Scientists from the universities in the Netherlands have successfully created synthetic embryo-like structures from mouse stem cells, raising hopes of new insights into the causes of infertility. The model embryos resemble natural ones to the extent that, for the first time, they implant into the uterus and initiate pregnancy. The research, published this week in Nature, was met with enthusiasm by the scientific community, though some are wary of the idea of creating artificial embryos.
Here’s an excerpt from a Maastricht University press release explaining the new research:
“The early embryo is a hollow sphere formed by less than a hundred cells. It comprises an outer layer of cells, the future placenta, and a small cluster of inner cells, the future embryo. Stem cell lines representing these inner and outer parts were first cultured independently and largely multiplied in the laboratory. Using engineering technologies researchers then assembled them in a recreated environment that triggered their conversation and self-organisation. While observing the process [principal investigator] Dr. Nicolas Rivron noticed that ‘it is the embryonic cells that instruct the placental cells how to organise and to implant in utero. By understanding this molecular conversation, we open new perspectives to solve problems of infertility, contraception, or the adult diseases that are initiated by small flaws in the embryo’...”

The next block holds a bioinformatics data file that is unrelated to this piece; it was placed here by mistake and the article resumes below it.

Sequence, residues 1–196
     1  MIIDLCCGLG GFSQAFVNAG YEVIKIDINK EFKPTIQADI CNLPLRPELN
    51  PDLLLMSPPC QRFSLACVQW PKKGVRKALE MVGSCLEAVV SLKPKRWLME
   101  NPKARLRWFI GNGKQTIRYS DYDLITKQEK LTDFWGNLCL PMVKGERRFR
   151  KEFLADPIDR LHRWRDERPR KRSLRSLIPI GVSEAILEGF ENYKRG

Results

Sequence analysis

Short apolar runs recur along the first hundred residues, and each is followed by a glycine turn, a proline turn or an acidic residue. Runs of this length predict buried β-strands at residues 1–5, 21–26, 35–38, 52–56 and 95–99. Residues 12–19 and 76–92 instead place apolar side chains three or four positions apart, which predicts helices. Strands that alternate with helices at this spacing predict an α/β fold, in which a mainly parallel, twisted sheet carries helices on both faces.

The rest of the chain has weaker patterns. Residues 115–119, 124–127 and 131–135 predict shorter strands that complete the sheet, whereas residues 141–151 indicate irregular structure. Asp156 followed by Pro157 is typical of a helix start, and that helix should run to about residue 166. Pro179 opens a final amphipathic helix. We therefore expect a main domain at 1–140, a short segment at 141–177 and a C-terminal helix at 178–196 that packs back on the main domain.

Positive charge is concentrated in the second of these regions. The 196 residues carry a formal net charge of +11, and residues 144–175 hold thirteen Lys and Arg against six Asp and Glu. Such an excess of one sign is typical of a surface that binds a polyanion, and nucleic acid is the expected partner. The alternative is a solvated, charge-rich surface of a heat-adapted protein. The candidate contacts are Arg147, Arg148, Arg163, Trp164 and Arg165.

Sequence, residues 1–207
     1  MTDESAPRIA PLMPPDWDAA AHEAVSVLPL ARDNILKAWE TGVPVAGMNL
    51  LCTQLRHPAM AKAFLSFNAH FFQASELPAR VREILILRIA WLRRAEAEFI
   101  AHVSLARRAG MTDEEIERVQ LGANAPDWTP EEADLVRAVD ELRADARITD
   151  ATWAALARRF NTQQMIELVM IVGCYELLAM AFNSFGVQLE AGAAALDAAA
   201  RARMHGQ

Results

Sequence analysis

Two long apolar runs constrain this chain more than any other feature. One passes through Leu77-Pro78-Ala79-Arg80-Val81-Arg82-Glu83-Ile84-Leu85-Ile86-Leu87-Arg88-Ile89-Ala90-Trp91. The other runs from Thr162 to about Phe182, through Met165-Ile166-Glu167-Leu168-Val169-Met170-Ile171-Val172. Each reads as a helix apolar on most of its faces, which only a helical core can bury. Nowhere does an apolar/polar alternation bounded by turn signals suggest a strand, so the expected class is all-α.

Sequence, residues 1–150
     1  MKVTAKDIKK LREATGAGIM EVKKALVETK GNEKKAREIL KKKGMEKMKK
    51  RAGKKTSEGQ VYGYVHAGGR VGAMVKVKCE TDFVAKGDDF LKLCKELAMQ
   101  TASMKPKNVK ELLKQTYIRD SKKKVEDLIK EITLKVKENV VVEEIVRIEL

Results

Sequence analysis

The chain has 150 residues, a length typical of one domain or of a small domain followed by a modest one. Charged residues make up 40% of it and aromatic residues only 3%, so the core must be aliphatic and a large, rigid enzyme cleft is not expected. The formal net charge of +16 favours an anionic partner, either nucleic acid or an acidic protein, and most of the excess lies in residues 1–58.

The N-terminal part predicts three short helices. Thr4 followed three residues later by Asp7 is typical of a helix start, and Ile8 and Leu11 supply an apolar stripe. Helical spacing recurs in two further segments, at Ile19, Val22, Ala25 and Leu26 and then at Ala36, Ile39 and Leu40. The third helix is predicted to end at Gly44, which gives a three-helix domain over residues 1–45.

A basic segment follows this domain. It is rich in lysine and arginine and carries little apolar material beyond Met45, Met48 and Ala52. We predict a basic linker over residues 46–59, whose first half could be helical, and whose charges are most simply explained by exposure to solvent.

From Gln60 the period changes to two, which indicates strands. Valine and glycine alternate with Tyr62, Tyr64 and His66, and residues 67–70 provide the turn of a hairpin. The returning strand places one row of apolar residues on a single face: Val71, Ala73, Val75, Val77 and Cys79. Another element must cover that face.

MacGill University bioethicist Jonathan Kimmelman said that regulators need to think seriously about the limits that are placed embryo research, in light of these developments:
“We actually have to think substantively about...how we draw really clear and distinct lines so that we can unlock the scientific potential of this research, while also respecting moral limits on what we should do.”
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